Scott Wolford / Associate Director of Business Development Carolina Small Business Development Fund




21st Century Economic Development

This session will address the latest trends in land use, real estate, and economic development.  It will explore the role of placemaking and historic preservation in 21stcentury economic development and how small communities can grow and prosper in a rapidly changing world.

Ed McMahon, Senior Resident Fellow, Urban Land Institute



Thursday Evening Options

Dinner on Your Own


Annual North Carolina Main Street Awards Buffet Dinner and Ceremony

The Clayton Center / Clayton Town Hall, 111 East Second Street

 A Main Street Special Event Symbol

Outstanding projects from state’s Main Street communities will be honored.  This is a separately ticketed event and requires advance payment (see registration form).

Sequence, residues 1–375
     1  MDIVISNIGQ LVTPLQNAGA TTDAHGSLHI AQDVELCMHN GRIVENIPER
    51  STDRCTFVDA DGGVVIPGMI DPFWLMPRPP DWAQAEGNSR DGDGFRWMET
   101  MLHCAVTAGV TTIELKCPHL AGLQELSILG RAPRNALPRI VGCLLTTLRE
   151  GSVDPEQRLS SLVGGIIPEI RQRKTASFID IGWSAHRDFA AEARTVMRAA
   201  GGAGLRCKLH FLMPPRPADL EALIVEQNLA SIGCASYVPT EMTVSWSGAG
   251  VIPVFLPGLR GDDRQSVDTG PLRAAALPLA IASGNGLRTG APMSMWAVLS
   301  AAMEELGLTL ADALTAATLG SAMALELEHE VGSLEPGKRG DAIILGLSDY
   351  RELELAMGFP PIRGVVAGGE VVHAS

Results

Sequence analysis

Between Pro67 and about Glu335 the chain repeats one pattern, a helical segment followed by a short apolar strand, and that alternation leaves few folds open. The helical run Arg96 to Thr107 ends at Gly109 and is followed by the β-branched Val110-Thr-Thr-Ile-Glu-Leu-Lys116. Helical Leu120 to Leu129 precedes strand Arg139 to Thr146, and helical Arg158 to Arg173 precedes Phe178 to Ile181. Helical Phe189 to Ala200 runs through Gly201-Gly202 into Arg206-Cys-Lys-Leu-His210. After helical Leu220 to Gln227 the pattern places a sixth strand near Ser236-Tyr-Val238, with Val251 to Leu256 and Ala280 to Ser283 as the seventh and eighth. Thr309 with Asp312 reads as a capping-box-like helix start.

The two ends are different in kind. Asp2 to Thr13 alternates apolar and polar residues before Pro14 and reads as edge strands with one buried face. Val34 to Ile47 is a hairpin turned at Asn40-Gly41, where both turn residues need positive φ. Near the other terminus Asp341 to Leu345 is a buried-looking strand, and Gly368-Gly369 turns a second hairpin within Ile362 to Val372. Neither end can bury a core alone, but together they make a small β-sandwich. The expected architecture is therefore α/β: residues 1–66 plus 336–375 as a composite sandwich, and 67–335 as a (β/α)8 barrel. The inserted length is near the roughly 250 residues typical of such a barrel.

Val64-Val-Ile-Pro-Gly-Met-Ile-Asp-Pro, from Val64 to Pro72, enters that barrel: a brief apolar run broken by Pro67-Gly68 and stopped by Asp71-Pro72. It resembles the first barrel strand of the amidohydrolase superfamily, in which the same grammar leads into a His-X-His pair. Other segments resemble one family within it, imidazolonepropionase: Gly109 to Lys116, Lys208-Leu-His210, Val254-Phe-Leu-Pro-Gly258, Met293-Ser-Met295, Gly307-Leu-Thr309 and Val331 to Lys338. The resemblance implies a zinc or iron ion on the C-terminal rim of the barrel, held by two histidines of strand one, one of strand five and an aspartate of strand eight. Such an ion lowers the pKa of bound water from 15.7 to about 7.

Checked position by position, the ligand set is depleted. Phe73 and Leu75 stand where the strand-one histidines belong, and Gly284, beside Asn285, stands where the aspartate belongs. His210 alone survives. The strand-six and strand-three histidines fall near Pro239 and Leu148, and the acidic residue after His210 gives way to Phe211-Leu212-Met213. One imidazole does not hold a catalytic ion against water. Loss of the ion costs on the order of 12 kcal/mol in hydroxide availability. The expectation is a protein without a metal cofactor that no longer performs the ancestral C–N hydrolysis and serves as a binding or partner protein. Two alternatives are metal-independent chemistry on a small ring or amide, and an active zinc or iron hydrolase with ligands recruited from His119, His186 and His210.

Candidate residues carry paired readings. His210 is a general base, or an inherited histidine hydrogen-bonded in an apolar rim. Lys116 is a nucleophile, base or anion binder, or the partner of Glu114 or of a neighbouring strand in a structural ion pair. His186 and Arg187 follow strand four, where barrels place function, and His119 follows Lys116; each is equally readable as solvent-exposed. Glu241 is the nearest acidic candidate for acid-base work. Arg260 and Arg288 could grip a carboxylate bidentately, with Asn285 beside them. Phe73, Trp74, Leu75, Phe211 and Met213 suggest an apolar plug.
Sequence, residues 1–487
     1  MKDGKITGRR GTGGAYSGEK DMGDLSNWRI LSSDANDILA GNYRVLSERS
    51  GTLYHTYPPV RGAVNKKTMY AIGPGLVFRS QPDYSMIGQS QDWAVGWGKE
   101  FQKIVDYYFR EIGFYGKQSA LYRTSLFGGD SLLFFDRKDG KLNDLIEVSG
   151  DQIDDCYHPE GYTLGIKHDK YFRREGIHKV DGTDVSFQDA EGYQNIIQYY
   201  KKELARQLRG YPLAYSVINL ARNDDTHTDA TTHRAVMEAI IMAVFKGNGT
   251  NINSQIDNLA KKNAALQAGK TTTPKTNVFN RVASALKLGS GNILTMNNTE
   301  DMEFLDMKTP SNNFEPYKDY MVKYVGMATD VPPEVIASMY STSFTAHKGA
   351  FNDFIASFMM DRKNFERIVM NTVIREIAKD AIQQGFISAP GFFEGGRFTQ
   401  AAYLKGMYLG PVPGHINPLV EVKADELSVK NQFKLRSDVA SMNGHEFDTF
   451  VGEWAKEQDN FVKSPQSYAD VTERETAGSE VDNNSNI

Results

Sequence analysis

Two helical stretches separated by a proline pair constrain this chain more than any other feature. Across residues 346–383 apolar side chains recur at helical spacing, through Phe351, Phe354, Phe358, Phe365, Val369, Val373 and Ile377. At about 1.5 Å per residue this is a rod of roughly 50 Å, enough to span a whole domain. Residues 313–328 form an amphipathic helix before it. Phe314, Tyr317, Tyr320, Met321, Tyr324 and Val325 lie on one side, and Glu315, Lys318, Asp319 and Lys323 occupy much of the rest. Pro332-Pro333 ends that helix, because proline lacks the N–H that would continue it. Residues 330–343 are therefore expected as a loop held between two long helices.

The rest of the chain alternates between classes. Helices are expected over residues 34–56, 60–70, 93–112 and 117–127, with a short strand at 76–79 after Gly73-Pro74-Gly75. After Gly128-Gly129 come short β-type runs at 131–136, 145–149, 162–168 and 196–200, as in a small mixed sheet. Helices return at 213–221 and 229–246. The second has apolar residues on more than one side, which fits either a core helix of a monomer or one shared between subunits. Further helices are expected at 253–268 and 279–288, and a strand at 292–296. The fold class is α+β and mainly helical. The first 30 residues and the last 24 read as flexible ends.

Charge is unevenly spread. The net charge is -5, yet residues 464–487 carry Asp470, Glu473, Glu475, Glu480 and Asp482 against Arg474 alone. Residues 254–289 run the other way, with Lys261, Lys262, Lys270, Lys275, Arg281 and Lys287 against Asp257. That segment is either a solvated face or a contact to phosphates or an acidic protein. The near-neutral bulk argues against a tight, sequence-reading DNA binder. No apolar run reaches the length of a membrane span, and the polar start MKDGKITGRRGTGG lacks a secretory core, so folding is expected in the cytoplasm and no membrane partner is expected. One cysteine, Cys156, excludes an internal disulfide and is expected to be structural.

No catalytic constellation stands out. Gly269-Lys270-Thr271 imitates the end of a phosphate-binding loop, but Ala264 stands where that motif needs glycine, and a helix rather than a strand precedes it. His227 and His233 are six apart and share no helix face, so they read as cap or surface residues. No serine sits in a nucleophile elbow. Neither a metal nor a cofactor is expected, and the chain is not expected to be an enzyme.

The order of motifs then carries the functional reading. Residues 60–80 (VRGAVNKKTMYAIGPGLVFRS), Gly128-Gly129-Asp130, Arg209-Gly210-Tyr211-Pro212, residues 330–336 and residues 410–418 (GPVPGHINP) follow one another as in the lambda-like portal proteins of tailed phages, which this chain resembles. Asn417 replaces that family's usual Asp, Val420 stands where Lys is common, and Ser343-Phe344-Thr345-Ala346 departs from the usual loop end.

NC Main Street Champions & Guests Check In

The Clayton Center / Clayton Town Hall, 111 East Second Street



NC Main Street Champions Continental Breakfast

The Clayton Center / Clayton Town Hall, 111 East Second Street

There is no cost for the breakfast, but it does require advance registration. (see registration form).



2017 Honor Roll of Main Street Champions



Closing Remarks

Liz Parham, Director, NC Main Street & Rural Planning Center


Conference Registration Questions?

Contact Our Registration Coordinator:
Sharon Tripp
(919) 280-4018




Conference Countdown!